What is certainly true, however, is that not only is the word however used in scientific writing, it is far more common there than anywhere else. See this COCA result:

COCA diagram showing that however is more common in academic writing

  • "There's nothing wrong with _but _either, by the way." I agree. – Marius Hancu Apr 28 '15 at 13:53
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Possible fixes:

Blue data is better than red data. Standard algorithms, on the other hand, are all written with red data in mind and don't work on blue data. Violet algorithms handle blue data as well as red data, yet they are very slow. Blue-only algorithms can process blue data really fast, even though most blue data is mixed with a small percentage of red data.

Also, consider the alternatives:

Synonyms for however adv

still, nevertheless, nonetheless, notwithstanding, withal, yet, after all, all the same, anyhow, be that as it may, but, despite, for all that, howbeit, in spite of, on the other hand, per contra, though

[Sorry, Lucky, I didn't see your link at the time of editing; you were earlier]

  • Thanks for the great rewrite! The last sentence, however, has a meaning different from what I intended but I guess I didn't express it clearly (meaning blue-only algorithms don't work on the usual blue mixed with a bit of red). But it is just a test sentence so it's not so important. – Konrad Höffner Apr 28 '15 at 14:27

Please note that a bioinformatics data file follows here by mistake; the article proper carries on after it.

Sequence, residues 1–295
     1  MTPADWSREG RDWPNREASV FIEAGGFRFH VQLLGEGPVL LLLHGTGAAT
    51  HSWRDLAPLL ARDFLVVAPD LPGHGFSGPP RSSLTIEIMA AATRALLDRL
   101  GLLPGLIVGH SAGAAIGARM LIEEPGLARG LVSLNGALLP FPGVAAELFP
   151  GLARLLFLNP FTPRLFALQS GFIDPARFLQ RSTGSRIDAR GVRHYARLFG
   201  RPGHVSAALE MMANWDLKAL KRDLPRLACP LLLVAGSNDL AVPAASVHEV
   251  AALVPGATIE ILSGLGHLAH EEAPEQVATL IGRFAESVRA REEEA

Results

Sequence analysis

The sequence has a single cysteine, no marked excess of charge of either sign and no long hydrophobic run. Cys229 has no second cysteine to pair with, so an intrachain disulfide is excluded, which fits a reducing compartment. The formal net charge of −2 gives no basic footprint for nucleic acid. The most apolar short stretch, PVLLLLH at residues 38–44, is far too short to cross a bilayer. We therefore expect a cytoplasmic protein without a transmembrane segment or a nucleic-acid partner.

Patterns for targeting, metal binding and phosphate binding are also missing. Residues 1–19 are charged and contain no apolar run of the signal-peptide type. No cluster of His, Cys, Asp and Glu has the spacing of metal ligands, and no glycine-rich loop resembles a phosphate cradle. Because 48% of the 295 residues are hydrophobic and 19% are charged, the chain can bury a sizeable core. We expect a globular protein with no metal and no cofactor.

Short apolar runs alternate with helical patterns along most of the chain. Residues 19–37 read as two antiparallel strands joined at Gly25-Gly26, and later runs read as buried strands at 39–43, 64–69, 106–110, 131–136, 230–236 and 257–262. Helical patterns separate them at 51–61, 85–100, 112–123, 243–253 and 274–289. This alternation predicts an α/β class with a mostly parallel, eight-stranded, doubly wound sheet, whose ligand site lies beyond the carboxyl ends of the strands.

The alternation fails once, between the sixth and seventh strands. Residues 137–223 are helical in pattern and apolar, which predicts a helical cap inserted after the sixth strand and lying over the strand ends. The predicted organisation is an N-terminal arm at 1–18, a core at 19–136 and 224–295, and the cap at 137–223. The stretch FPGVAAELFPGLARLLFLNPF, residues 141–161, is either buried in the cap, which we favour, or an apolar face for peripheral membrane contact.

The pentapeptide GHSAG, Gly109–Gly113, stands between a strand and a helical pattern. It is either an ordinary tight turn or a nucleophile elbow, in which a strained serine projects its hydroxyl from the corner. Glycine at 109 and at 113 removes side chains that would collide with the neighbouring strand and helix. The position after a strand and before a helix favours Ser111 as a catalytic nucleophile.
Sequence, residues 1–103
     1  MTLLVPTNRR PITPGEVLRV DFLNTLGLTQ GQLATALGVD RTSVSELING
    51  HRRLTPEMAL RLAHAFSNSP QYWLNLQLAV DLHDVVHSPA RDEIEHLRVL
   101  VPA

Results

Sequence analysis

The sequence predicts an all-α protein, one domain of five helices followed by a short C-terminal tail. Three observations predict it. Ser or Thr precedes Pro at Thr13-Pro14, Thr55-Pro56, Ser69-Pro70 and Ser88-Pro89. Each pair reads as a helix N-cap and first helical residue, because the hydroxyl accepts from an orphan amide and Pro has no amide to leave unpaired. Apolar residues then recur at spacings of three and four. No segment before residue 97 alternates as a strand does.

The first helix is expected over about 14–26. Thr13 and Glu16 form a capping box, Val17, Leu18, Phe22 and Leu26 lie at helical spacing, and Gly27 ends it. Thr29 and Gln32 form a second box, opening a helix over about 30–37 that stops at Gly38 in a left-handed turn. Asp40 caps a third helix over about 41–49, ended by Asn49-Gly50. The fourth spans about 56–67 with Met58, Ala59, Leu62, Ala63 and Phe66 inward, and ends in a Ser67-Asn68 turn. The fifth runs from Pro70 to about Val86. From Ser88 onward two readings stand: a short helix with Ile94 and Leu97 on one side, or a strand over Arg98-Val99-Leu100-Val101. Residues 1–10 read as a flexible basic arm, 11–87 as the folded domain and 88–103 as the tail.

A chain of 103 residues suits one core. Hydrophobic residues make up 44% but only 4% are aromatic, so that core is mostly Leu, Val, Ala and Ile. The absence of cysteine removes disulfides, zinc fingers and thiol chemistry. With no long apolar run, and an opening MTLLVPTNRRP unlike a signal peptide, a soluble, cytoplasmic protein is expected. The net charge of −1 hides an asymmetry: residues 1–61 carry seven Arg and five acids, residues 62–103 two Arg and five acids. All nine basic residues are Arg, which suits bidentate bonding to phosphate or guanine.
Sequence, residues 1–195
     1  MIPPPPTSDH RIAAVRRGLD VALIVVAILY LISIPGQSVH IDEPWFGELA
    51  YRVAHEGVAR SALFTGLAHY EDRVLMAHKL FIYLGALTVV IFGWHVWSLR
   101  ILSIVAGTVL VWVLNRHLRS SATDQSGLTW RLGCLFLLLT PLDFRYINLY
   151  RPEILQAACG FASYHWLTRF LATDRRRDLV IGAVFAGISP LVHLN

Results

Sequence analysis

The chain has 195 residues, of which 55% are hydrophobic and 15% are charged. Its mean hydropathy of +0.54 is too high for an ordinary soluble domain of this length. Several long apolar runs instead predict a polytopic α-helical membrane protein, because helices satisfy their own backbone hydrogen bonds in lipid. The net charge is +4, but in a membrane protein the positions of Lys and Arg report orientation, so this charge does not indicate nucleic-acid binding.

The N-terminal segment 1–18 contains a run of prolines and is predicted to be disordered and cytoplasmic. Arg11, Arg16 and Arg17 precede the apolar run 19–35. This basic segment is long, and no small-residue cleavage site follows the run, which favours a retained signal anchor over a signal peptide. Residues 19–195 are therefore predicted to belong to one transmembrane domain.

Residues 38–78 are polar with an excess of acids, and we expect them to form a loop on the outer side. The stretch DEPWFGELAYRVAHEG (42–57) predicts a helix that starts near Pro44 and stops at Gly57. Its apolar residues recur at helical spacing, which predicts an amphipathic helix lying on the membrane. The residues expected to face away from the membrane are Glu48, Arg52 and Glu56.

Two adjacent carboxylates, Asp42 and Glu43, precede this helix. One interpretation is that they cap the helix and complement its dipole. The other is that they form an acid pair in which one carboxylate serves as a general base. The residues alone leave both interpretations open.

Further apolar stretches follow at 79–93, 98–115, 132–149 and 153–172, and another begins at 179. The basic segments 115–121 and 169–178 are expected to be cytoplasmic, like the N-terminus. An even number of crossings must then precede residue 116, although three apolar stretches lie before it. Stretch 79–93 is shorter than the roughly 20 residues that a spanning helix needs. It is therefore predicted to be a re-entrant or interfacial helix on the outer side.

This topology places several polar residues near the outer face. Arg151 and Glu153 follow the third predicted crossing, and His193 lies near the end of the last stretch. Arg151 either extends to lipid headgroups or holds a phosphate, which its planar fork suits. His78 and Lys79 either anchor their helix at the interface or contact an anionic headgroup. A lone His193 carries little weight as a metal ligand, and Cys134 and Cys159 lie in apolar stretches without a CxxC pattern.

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If you start the statement with "while" or "although" once in a while, you can cut out some of the "however's".

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In many cases cases you use however improperly, and you refer to the wrong points. In addition to 'however' the formal writing connectors can be

  • although
  • whereas
  • while
  • whilst

I rewrote your piece, with my suggestions in bold and unnecessary words in [brackets]

Blue data is better than red data, although standard algorithms [, however,] are all written with red data in mind and don't work on blue data. While violet algorithms handle blue data as well as red data, [however] they are very slow. Blue-only algorithms can process blue data really fast, however most blue data is mixed with a small percentage of red data.

Also be careful with 'as well as'. While it can not be confused with ',as well as' meaning 'along with' because it would have been prefixed with coma in that case, it is better to use 'as efficiently as' instead for better clearness.

  • Are you sure the first sentence is correct? I interpret "although" to mean "even though" ("he is a good man even if he doesn't pay taxes") while I wanted to say "while he is a good man, he doesn't pay taxes" (for me, the first version sounds defensive while the second sounds less judgemental). – Konrad Höffner Apr 28 '15 at 14:32
  • @Konrad Höffner - 'Although' = 'though', and I understand my own sentence in this way: Blue data is better than red data, but standard algorithms are all written with red data in mind and don't work on blue data. – alx Apr 28 '15 at 14:48